Former AG Eric Holder:  Deal with Snowden a possibility

In Monday interview with Yahoo News, former Attorney General Eric Holder expressed the possibility NSA whistleblower, Edward Snowden, could return to the United States and a basis for a resolution that everybody could ultimately be satisfied with exists.

Mr. Holder, now a partner with Covington and Burling, where he litigates and specializes in both Government and Public Affairs and White Collar Defense and Investigation, stated he found Snowden’s activity, the release of documents revealing intelligence gathering techniques practiced, the bulk collection of phone records, by the National Security Agency “spurred a necessary debate.”

As Attorney General, Holder filed three felony counts for violating the Espionage Act for releasing a trove of documents over to Guardian journalist, Glen Greenwald; shortly after notifying Greenwald, Snowden initiated contact with documentary filmmaker, Laura Poitras.

Attorney General Loretta Lynch’s office responded to Holder’s remarks:

“This is an ongoing case so I am not going to get into specific details but I can say our position regarding bringing Edward Snowden back to the United States to face charges has not changed,” Melanie Newman said in an email.

Now a private citizen, Mr. Holder is entitled to express his personal opinion.

To his credit, while still serving as Attorney general, Mr. Holder dismissed the possibility of clemency for Snowden.  In the time being, Edward Snowden’s attorney, Ben Wizner, has declared any return of his client should be free of consequence, tacitly stating no prison time would be acceptable to his client.

Accountability for Snowden’s outrageous conduct is imperative. While it can be successfully argued the NSA’s bulk collection program is an insidiously corrupting program, Snowden’s actions, his flight to, of all places, Russia, particularly, illustrate his motives were that of a villainous servant and fueled less by ideas or principle than by resentments.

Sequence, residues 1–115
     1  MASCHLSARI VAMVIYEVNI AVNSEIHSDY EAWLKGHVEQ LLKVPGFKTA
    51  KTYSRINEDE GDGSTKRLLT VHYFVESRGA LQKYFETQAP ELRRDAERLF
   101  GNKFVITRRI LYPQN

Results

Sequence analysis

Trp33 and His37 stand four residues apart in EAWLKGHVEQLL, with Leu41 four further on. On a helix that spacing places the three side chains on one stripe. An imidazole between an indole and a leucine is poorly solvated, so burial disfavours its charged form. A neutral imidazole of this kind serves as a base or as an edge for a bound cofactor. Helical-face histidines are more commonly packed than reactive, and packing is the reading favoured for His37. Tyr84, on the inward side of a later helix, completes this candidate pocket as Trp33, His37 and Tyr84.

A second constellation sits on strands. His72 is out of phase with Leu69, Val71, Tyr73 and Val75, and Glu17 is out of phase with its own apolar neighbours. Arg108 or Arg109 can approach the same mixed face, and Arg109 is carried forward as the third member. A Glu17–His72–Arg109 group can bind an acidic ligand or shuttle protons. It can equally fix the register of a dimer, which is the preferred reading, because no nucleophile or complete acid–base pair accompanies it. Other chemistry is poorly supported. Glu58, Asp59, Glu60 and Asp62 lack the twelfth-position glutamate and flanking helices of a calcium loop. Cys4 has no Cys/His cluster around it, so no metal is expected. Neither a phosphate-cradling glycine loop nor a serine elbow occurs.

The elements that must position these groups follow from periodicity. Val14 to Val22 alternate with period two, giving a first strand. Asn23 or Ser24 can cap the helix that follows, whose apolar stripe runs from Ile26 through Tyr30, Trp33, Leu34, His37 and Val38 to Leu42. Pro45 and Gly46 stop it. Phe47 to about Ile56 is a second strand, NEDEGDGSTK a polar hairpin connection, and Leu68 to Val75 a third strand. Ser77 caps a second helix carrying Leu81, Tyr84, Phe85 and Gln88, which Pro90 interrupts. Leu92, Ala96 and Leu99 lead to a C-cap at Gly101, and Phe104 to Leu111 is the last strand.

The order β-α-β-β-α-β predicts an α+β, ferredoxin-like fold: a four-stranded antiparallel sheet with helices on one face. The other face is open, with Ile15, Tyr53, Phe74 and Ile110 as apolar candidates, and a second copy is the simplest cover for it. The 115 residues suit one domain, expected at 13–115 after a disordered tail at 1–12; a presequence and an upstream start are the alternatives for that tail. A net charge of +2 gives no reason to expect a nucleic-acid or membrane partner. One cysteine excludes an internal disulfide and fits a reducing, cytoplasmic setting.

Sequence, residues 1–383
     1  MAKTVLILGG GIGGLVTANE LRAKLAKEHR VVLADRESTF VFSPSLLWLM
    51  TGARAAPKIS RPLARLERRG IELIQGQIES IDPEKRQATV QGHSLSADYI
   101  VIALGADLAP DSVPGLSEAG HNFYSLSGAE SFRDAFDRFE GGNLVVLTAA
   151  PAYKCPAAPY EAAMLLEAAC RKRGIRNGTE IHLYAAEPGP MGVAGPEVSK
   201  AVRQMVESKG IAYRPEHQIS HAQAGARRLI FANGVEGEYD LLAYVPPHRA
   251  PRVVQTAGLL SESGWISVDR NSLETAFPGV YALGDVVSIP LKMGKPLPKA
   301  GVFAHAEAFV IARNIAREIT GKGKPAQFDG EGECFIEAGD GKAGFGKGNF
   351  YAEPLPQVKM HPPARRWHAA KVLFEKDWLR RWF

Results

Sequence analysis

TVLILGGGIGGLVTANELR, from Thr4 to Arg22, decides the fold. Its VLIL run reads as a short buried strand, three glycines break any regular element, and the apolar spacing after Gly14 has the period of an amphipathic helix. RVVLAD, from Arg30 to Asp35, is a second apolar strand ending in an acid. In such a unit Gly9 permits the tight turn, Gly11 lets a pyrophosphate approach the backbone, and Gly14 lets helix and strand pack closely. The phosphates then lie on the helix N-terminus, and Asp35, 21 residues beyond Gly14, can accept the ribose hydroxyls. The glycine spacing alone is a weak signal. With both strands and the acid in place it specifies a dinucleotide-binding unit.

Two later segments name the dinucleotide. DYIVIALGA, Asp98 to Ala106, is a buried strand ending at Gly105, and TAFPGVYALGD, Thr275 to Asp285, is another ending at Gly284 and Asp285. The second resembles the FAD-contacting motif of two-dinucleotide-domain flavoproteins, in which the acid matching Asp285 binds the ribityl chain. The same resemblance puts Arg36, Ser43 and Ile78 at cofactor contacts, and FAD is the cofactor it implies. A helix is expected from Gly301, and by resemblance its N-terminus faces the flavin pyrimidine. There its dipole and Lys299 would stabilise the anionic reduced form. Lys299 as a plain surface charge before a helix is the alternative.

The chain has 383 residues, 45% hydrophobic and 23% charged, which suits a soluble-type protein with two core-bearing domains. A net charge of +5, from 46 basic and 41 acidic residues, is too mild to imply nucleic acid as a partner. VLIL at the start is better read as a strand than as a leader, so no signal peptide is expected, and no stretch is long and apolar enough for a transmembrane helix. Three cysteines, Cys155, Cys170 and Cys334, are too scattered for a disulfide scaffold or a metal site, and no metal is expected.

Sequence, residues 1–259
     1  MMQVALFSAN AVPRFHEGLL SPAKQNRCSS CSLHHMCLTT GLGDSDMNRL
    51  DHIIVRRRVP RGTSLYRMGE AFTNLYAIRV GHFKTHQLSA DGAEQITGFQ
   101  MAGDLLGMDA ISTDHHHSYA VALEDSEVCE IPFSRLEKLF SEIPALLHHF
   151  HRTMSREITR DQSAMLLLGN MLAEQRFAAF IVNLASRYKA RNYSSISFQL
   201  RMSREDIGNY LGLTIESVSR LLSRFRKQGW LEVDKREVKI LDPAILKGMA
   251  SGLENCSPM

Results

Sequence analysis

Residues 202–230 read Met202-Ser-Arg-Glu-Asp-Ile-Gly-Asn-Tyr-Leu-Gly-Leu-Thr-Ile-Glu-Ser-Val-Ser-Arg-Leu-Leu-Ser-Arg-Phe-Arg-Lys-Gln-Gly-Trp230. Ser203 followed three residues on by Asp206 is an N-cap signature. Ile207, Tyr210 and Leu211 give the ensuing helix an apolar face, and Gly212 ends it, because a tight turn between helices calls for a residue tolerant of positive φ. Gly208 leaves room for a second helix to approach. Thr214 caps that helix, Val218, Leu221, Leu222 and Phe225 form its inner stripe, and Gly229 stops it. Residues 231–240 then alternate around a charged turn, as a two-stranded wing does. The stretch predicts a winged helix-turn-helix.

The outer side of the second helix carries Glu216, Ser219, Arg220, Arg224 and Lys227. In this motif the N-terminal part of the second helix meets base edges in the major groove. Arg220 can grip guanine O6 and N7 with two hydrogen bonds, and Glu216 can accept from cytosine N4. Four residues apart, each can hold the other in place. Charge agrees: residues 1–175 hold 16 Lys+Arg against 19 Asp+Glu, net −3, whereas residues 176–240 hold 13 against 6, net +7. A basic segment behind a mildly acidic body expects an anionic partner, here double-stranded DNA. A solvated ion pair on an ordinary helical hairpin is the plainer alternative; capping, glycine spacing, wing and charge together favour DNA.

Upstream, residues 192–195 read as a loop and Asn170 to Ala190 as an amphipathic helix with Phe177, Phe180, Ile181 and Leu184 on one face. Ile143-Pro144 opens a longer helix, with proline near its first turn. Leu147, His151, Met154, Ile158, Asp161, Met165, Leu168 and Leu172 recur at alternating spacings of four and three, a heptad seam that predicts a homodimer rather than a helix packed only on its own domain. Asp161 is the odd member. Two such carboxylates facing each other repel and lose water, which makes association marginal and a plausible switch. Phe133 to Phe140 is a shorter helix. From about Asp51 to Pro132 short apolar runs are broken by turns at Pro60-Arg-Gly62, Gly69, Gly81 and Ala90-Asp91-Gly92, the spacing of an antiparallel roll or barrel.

Although Snowden has submitted to several interviews from Western journalists, most telling is his refusal to acknowledge the dire damage he committed to an American program which protects its citizens from terror threats which vow to do evil.  Simultaneously, despite Snowden’s actions creating endless court challenges and having led to the curtailing of the bulk collection, Snowden glosses over recent but similar anti-terror applications by Australia, Canada and France, all of which have expanded surveillance measures to fight terrorism.

To gullible audiences, Snowden defines foreign governments’ expansion of surveillance as exploitative measures designed to commandeer powers which have never shown to prevent terror attacks.  Snowden produces no such evidence surveillance programs are ineffective but remains committed to his self-righteous conviction they are simply missionary and intrusive schemes.

With worldly vanity, Snowden remains committed to constructing a narrative, where he is postured as a courtly whistleblower, a patriot and a thoroughly respectable gentleman.  Driven by both misguided heroics and a lust for a gilded place in history, Snowden conveniently ignores his flight:  His exodus uncovered his guilt, his intent to preserve his familiar world and maintain an unblemished reputation.

Snowden’s dodgy behavior should not go unpunished; an expectation of favor, advantage or immunity from punishment upon his return is patent nonsense.  Snowden is neither a sage nor a visionary; further, Snowden is no patriot.  A treacherous subject, Snowden may return to mobs of supporters demanding mercy, but the American justice system should not bust a gut for this utter and complete loser.

Snowden is untroubled by his actions.

[Guardian] [RT] [aclu.org] [digitalhistory.uh.edu]